Plasticity of Thermogenic Adipocytes
Forfatter: Lasse K. Markussen, Maja W. Andersen, Susanne Mandrup, Center for Functional Genomics and Tissue Plasticity (ATLAS), Functional Genomics & Metabolism Research Unit, University of Southern Denmark.firstname.lastname@example.org
White and brown adipocytes play different roles in metabolism and physiology. However, both cell types appear to be plastic with an ability to switch between metabolic states in response to changes in the cellular environment. Hence, the separation between brown and white adipocytes is less clear than previously thought.
Adipocytes are mesenchymal cells specialized in storing large quantities of lipids in the cytosol as lipid droplets. They are found in adipose tissues such as those located subcutaneously or intra-abdominally, as well as in many smaller depots within or surrounding organs. Examples include the adipose tissue in the bone marrow and the adipose tissue associated with the kidneys and the adrenal gland. In addition, adipocytes can be found interspersed in other tissues, e.g. in muscle fibers and thymus. While the general biochemical function of all adipocytes is related to lipid storage, the specific physiological functions of adipocytes in the different tissues and their cross-talk with other resident cell types are not well understood. Interestingly, an increasing body of evidence indicates that adipocytes display a remarkable plasticity in response to the specific tissue niche as well as physiological stresses such as under- and over-nutrition, environmental temperature, exercise, and age.
White and brown adipocytes
Traditionally, adipocytes have been classified as white or brown. White adipocytes are large unilocular cells specialized in storage and release of fatty acids. Endocrine signals derived from these adipocytes provide continuous information to the brain as well as peripheral tissues on the degree of filling of adipocyte stores. Brown adipocytes contain many smaller lipid droplets (multilocular) and many mitochondria that are partially uncoupled owing to high expression of the uncoupling protein 1 (UCP1). As a result, these adipocytes are specialized in oxidation rather than release of fatty acids and in conversion of metabolic energy into heat (i.e. non-shivering thermogenesis). The major activator of non-shivering thermogenesis is believed to be cold exposure, which leads to release of norepinephrine from the sympathetic nervous system (SNS) and activation of β-adrenergic receptors on brown adipocytes.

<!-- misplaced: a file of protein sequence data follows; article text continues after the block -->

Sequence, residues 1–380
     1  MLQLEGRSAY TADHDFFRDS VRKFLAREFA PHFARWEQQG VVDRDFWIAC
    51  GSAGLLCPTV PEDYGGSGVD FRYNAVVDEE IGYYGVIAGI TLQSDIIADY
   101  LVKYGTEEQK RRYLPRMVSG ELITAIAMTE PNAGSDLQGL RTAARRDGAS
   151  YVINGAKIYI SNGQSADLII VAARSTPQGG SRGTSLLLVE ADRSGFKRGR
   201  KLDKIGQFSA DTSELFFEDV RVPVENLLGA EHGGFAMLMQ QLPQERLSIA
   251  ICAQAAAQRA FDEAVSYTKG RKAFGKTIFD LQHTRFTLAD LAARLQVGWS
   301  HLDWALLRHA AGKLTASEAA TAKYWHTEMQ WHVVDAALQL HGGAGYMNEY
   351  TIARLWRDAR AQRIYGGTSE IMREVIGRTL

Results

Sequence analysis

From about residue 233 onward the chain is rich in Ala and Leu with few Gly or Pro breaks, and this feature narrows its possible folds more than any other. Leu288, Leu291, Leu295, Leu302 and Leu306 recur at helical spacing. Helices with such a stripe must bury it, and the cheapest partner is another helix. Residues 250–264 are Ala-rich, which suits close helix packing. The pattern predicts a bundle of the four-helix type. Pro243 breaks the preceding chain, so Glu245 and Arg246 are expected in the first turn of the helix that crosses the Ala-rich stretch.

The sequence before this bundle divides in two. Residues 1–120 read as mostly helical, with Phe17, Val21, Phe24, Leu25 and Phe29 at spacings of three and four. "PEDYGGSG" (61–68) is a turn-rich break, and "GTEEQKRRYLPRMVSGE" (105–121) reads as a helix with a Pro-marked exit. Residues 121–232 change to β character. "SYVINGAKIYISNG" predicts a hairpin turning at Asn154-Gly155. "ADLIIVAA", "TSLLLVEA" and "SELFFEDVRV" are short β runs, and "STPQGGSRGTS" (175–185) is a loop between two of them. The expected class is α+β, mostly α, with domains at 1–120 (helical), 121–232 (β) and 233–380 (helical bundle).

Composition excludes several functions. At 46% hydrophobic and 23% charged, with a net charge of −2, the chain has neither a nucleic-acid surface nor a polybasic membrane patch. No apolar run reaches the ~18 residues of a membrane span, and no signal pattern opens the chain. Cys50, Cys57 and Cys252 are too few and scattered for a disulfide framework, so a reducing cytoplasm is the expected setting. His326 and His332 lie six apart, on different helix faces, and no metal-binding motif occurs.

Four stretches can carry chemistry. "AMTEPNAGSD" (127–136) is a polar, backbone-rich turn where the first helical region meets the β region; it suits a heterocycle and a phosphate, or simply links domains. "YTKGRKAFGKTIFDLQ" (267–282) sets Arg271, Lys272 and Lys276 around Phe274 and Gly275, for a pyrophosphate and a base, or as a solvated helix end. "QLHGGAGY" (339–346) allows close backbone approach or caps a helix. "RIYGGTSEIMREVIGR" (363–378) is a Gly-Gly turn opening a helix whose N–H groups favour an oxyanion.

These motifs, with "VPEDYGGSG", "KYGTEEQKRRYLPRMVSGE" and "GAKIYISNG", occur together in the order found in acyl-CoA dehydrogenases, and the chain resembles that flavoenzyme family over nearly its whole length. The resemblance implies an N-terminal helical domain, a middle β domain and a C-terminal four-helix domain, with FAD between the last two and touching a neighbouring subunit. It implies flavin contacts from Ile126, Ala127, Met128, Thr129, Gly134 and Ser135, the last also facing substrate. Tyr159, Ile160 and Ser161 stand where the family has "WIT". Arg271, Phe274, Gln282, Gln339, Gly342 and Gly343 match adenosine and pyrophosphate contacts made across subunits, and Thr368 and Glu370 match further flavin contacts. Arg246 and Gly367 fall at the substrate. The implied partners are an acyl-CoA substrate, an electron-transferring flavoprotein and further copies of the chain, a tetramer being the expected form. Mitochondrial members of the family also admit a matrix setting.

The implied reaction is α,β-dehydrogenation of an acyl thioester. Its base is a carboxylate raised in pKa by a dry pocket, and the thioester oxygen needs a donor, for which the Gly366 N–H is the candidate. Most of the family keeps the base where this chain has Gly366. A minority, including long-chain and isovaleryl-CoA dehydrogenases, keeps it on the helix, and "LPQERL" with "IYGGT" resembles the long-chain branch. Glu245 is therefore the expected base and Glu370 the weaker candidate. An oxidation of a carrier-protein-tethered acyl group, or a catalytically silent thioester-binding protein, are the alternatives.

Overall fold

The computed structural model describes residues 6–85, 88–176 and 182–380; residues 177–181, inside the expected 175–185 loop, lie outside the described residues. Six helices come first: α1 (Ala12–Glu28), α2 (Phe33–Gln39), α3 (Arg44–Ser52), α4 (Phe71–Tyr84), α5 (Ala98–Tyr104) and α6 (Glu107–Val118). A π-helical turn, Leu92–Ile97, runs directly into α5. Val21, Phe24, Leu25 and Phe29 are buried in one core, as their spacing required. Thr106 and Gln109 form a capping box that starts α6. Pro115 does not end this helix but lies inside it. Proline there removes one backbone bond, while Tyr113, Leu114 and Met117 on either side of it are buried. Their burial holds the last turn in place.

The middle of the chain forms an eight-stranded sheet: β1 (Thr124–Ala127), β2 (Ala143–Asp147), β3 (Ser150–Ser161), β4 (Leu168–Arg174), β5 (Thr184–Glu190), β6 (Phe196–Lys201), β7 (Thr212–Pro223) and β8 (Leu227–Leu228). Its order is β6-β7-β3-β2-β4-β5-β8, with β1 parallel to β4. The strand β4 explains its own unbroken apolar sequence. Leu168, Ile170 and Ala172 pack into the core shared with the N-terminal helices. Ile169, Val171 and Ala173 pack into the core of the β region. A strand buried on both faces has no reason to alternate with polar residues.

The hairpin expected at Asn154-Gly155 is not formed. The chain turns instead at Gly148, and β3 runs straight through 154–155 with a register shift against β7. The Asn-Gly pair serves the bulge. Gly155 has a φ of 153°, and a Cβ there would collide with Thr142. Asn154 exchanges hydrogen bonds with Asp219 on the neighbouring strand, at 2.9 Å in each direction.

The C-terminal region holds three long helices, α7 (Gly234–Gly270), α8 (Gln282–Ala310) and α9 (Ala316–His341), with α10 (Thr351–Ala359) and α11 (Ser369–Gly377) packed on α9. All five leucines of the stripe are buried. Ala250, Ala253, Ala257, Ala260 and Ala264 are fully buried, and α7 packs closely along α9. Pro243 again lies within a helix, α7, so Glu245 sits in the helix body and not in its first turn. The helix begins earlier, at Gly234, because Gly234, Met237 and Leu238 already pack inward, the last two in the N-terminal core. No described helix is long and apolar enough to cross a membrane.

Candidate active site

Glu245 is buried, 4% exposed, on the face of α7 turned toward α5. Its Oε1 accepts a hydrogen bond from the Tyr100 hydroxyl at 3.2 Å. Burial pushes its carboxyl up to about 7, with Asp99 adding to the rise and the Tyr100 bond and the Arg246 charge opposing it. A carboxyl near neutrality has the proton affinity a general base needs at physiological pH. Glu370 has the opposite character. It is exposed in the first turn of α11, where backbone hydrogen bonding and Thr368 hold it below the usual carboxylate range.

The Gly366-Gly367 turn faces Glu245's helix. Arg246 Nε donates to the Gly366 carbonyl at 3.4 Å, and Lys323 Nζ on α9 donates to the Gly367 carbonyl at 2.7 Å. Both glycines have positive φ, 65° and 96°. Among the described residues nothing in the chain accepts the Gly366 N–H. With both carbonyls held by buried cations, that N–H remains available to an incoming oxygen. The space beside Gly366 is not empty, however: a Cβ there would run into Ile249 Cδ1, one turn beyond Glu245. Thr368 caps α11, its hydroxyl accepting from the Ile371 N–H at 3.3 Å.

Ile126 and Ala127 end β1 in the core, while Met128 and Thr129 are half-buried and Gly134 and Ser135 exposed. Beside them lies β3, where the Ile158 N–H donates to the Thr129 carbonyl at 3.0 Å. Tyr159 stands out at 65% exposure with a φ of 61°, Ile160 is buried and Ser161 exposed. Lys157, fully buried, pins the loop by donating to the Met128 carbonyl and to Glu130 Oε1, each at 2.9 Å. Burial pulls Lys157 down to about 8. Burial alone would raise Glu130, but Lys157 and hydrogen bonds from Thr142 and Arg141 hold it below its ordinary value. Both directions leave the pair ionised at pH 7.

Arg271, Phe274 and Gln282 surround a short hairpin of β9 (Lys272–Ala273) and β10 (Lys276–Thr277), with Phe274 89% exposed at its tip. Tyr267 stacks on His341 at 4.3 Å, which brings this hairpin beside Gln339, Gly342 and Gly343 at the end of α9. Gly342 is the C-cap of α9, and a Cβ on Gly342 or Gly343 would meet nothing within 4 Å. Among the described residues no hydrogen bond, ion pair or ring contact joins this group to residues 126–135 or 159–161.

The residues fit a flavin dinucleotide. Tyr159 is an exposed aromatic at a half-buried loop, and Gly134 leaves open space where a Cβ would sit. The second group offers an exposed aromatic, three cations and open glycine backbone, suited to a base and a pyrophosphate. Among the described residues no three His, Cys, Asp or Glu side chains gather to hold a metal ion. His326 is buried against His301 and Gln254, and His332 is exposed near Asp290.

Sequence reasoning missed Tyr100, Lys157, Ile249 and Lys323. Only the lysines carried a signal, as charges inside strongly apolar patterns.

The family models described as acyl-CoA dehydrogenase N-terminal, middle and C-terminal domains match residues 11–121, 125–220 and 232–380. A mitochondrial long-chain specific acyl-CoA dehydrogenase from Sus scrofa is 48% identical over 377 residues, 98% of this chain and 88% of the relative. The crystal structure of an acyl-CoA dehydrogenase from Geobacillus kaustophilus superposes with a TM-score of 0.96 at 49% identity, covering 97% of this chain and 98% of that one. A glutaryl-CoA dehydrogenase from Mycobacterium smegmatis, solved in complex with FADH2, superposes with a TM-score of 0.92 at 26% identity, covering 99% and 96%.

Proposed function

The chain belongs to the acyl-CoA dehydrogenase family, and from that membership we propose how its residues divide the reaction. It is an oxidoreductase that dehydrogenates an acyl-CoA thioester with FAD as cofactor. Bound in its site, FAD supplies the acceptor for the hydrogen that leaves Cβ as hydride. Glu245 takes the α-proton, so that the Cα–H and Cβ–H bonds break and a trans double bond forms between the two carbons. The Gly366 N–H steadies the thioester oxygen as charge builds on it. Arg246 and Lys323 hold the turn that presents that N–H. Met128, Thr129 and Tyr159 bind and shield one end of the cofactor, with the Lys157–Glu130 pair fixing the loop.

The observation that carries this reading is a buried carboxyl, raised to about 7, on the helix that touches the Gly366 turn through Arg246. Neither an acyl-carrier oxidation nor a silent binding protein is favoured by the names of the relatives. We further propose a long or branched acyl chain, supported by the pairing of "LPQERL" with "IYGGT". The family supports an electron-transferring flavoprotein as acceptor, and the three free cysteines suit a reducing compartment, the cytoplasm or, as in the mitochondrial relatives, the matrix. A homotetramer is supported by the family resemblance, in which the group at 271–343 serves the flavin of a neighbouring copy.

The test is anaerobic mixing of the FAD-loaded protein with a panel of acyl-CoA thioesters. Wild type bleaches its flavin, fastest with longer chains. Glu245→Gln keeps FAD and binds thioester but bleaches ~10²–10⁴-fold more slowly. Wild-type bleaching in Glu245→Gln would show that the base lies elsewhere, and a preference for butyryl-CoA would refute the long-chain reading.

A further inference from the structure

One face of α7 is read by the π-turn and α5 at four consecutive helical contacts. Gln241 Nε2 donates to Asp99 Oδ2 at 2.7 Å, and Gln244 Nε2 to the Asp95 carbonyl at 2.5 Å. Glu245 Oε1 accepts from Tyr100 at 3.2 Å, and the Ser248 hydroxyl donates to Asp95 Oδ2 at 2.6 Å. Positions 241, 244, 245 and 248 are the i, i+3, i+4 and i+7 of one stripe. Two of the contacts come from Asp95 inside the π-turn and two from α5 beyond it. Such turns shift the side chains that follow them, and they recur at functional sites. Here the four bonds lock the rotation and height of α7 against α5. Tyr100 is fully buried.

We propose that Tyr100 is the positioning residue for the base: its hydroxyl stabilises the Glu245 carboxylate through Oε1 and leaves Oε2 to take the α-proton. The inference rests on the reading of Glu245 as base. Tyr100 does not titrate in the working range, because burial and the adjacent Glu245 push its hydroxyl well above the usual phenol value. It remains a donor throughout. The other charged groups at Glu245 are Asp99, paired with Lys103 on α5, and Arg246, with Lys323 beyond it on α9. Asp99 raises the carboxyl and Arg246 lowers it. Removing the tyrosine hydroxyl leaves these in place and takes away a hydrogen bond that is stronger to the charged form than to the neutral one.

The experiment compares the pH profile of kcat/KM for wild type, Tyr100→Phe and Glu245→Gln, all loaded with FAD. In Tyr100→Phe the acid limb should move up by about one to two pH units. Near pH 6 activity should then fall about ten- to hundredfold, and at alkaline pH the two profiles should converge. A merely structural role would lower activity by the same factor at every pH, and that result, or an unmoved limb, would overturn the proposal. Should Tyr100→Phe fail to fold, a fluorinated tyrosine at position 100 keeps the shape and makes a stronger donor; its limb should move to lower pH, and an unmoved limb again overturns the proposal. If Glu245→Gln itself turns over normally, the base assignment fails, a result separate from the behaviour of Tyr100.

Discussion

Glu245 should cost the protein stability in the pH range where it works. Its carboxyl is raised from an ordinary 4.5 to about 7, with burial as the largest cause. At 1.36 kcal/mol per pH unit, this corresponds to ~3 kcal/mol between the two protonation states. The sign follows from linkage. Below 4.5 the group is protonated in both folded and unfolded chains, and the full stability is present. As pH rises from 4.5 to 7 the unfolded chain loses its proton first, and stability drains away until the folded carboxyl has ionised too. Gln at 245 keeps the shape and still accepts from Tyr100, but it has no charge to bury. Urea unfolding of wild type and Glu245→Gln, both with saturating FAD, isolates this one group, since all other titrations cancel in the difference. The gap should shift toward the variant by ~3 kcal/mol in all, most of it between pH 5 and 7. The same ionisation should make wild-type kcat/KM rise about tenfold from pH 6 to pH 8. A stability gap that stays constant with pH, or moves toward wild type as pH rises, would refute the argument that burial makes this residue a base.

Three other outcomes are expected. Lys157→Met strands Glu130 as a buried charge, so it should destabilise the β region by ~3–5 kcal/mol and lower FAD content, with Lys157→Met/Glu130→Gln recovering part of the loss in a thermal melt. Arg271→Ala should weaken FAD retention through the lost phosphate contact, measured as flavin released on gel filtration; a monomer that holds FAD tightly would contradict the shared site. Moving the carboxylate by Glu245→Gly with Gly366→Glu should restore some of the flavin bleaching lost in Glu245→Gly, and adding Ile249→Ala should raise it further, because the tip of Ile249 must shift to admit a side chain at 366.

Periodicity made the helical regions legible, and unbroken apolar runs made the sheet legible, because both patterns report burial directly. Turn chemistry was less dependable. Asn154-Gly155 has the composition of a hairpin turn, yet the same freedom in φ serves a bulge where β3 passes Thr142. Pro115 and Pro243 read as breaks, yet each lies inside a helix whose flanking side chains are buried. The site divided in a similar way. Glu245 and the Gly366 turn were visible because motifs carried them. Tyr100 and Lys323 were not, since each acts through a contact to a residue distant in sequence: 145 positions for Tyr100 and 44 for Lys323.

Brown-like adipocytes – a new cell type?
More recently a third type of adipocyte, the brown-like (or beige, brite) adipocyte, has been shown to be induced in certain white adipose tissues (WAT) in rodents in response to physiological stresses such as cold (Figure 1). Similar to brown adipocytes, brown-like adipocytes are rich in mitochondria that express UCP1 and can perform non-shivering thermogenesis. During the recent years, these adipocytes have attracted considerable research interest because of their potential to increase WAT energy metabolism, which may increase whole-body energy expenditure and promote clearance of glucose and fatty acids from the plasma. Notably, mice lacking brown adipose tissue (BAT) become obese, while BAT transplantation reverses obesity in obese mice, indicating that, at least in rodents, BAT contributes significantly to organismal energy expenditure. Thus, the hope is that by recruiting brown-like adipocytes in humans one could combat obesity or the metabolic consequences thereof.
Figure 1: Physiological signals controlling browning of white adipocytes. Cold exposure which leads to release of norepinephrine from the sympathetic nervous system is the most prominent activator of adipocyte browning; however, numerous circulating hormones and metabolites have also been implicated in browning. By contrast, several physiological conditions, such as warm environment, aging, weight gain and weaning, are known to reduce browning.